Falling in Love With Your Characters

September 16, 2015 at 12:37 pm (Uncategorized)

DSC04457“I think it all comes back to the core idea of grounding your characters in an emotional reality that the audience can relate to. And if you can do that, it gives you license to have tremendous amounts of fun and wink at the audience in a way that doesn’t make them feel like they’re being patronized. We’re all taking it as seriously as we would take a heavy drama. And that tone is critical because you are asking the audience to suspend its belief and you are asking them to jump into this world and say ‘it’s crazy, but it’s totally real’. So hopefully when you’re watching the show, the reaction the audience is having is ‘yes it’s crazy, but man if I were in that situation I think I’d probably be reacting the same way’. If we can get the audience to that place, then they will accept anything. I think that’s our job as screenwriters in anything that we do – we’re asking the audience to suspend disbelief and to go on an emotional ride and to say ‘I accept the reality of this world. Even though it couldn’t possibly happen actually, I’m in it, I believe it, and I feel like it’s happening.’

But mostly it’s about letting your inner kid play around and have fun and be wide-eyed in wonder and experience awe and experience the joy of story twists and turns and fall in love with characters…and if we feel like we can genuinely make that happen, then we say yes. But it’s a process for us in that we have to really believe we can do that. Otherwise it’s not worth the time, because it will be painful for people who loved it to feel it didn’t meet their expectation and it will be painful for us because we don’t want to be the guys who did that to anybody. Especially to ourselves.”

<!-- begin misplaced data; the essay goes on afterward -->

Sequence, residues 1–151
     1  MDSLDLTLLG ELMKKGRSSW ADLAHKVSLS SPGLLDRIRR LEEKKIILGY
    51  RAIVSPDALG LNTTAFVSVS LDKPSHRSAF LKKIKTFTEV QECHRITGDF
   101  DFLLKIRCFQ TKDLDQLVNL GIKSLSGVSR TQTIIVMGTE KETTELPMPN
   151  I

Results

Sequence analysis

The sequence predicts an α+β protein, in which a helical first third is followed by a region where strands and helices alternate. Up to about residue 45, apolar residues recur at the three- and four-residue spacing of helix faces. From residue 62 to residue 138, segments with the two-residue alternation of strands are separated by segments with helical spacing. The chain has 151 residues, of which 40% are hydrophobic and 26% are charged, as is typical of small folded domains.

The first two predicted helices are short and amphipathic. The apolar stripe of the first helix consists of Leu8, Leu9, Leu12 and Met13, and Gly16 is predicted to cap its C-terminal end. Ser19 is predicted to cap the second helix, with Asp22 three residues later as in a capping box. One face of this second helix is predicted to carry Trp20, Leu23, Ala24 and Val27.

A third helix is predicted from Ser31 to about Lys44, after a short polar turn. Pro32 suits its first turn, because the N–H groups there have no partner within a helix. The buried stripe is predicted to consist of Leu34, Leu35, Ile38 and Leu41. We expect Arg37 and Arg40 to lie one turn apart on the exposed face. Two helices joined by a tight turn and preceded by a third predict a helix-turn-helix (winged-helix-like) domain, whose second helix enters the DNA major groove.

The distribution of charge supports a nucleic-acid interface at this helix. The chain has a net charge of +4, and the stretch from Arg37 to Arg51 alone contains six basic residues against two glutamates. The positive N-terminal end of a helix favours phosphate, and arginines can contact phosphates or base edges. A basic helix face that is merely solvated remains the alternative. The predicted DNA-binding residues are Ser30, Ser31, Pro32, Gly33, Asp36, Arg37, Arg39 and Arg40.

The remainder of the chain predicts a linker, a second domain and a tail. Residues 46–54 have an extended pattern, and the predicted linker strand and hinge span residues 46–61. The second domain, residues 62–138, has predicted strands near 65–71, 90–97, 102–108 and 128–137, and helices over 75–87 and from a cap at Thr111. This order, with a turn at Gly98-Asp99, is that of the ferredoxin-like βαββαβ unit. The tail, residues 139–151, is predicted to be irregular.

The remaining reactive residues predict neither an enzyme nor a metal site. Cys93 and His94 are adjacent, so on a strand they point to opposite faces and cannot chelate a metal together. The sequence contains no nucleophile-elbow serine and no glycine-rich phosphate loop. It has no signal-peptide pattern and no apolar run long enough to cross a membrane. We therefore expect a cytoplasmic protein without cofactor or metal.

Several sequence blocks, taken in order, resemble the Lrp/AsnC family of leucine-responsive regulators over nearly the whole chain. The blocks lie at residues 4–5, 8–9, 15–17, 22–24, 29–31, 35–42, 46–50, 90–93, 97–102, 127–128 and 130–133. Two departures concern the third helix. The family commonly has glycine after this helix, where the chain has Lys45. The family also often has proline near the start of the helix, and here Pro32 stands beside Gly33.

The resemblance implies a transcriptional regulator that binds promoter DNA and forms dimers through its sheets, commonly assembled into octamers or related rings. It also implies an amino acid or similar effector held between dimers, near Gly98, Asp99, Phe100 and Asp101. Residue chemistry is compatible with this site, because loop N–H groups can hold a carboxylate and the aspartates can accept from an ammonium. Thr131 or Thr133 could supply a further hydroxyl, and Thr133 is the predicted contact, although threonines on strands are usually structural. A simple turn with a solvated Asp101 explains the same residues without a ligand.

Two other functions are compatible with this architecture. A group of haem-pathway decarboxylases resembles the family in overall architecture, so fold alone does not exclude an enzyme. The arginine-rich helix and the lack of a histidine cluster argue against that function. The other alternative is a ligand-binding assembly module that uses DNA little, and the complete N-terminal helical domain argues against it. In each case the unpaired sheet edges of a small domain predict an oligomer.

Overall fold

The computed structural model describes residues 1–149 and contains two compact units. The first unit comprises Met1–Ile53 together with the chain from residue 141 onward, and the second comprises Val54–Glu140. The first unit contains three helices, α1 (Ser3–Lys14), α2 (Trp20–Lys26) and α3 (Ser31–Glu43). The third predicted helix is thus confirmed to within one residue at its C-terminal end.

~Alex Kurtzman, as quoted in Creative Screenwriting’s A Year in Quotes series

 

Now, your first question is probably who the heck is Alex Kurtzman? Short answer is he’s the co-creator of FRINGE, co-writer of STAR TREK, TRANSFORMERS and COWBOYS & ALIENS. He’s done a lot of other writing, a lot of producing and was the executive producer of THE PROPOSAL. Yes, Alex Kurtzman gave Betty White center stage. Let’s just say when Mr. Kurtzman gives advice, I’m listening hard.

I loved the first part of his quote as I’m a fan of Michael Hauge and his whole thing is about eliciting emotion from the reader (audience). Thinking of emotion as a way to ask your reader to suspend disbelief and jump into your world is a great way to put it, and well worth some ceiling gazing in the future, but the gold here is this line: But mostly it’s about letting your inner kid play around and have fun and be wide-eyed in wonder and experience awe and experience the joy of story twists and turns and fall in love with characters…and if we feel like we can genuinely make that happen, then we say yes. That, my friends, is the blue ribbon. Read it again. Read it out loud. See where your voice naturally stresses a word and pay attention to those beats. Feels good, doesn’t it?

Thank you, Mr. Kurtzman.

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4 Comments

  1. Anne said,

    Also a huge fan of Michael Hauge here. And Star Trek.

    • Pamela Cayne said,

      I’ve been listening to his seminars again–dang, that man is good!

  2. Curt said,

    Great post, and the photo? Win!

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